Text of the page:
workstations or conference rooms, or joining them for lunch are just a
few of the many effective approaches leaders can use to develop
positive contacts with employees.
Interpersonal skills: Successful entrepreneurs are comfortable
relating to other people; they easily create rapport and are at least
more extroverted than they are introverted. These factors help leaders
seem approachable, likeable, and comfortable in their position. Those
qualities contribute to staff wanting to interact with their leader.
They also help motivate employees to do a better job. When workers can
relate to their boss, they believe that their boss is more concerned
about them, with their performance, and with their output.
Furthermore, they believe that they can go to their boss with problems
they encounter on the job without fearing consequences for not knowing
how to resolve issues. Not all entrepreneurs are adept at
interpersonal skills. Those that aren't, might find it helpful to take
a course, choose a mentor or locate a therapist to help them build
interpersonal skills. The intangible cost is too high to not improve
these abilities. In addition, here's where a strong team comes into
play. The less experienced leader who is still learning these skills
can rely on the team to get out and to "press the flesh," interact
with employees, and spread a positive attitude to help develop morale.
A "can do, get it done" attitude: Nothing builds a picture of success
more than achievement, and achievement is the number one factor that
motivates just about everyone across all cultures. When employees see
that their boss can lead and direct, has a clear vision and attainable
goals, and actually gains results in a timely manner, then that
person's credibility increases throughout the organization.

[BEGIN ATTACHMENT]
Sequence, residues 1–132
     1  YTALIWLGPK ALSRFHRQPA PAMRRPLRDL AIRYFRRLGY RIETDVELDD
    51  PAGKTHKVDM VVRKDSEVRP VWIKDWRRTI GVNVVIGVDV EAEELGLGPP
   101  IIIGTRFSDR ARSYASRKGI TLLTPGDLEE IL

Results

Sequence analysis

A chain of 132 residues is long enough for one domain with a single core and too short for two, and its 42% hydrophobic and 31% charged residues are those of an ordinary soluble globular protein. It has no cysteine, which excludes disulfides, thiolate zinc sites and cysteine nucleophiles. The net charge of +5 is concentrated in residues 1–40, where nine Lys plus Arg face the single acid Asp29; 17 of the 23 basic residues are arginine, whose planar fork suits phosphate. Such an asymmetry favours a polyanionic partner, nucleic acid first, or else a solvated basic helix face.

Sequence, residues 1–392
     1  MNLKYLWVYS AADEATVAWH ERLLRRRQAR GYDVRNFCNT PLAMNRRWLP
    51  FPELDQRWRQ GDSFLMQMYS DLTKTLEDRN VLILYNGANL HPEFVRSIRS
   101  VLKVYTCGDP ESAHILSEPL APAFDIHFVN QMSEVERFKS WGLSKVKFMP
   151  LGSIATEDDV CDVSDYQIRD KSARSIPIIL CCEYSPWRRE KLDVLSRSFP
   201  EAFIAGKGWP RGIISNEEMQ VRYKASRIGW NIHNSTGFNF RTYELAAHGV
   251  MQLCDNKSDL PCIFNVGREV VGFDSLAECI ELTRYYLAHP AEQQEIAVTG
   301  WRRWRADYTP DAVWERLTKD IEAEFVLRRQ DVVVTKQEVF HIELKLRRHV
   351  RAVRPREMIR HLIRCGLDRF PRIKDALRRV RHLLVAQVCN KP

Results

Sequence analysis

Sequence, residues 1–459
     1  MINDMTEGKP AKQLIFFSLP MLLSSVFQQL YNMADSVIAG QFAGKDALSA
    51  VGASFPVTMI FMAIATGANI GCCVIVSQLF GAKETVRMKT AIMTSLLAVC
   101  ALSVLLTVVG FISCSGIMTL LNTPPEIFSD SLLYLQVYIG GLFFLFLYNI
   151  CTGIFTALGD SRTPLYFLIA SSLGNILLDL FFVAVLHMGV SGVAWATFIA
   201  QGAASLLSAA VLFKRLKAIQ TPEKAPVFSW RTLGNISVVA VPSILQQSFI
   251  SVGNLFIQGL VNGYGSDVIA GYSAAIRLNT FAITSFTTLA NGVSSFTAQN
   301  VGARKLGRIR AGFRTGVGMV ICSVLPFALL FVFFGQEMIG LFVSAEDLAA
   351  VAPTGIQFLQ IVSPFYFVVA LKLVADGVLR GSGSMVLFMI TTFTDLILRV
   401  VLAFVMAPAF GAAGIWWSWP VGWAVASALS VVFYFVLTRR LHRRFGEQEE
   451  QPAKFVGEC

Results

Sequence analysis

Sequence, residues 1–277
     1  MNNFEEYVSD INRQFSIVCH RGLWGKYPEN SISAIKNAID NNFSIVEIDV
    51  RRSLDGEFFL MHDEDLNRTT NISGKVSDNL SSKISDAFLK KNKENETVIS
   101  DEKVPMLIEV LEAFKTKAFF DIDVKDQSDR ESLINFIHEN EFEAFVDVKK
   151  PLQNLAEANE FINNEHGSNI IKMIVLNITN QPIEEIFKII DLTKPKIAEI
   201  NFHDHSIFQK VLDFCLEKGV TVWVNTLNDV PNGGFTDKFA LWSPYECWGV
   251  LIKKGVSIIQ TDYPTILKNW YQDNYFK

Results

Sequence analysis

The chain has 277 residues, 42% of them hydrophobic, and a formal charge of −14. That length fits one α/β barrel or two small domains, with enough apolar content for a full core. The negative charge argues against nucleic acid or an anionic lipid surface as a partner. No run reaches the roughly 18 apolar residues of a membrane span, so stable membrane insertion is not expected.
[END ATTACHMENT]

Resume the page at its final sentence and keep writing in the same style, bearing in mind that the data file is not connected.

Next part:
Entrepreneurs must modestly demonstrate their skills to give their
constituents valid reasons to appreciate and value their efforts.
Inspiration: Quite often, employees need someone to look up to for
direction, guidance, and motivation. The entrepreneur needs to be that
person. Hopefully, Human Resources has hired self-motivated
individuals. Nevertheless, there are times, when many employees need
the boss to inspire them by word or action. Employees need someone to
look up to, admire, and follow. Even when the production or delivery
of services looks like "it is all going well," the leader may at times
need to step in personally to offer a suggestion or encouragement to
ensure that employees perform their jobs in an optimal manner.
Ambition: Resting on your laurels is bad for employee morale and
entrepreneurial credibility. Employees need to be constantly striving
for improvement and success; and they need to see the same and more in
their leaders. When the boss is seen as someone who works to attain
increasingly higher goals, employees will be impressed and more
willing to mirror that behavior. It's a win-win for everyone.
How a good leader manages crisis under stressful conditions :
A good leader preservers under stressful conditions and be resilient
when crisis strikes, and will never procrastinate. Leaders must have a
strong sense of courage and determination to complete the task even
though "a 100kg weight is on their shoulders".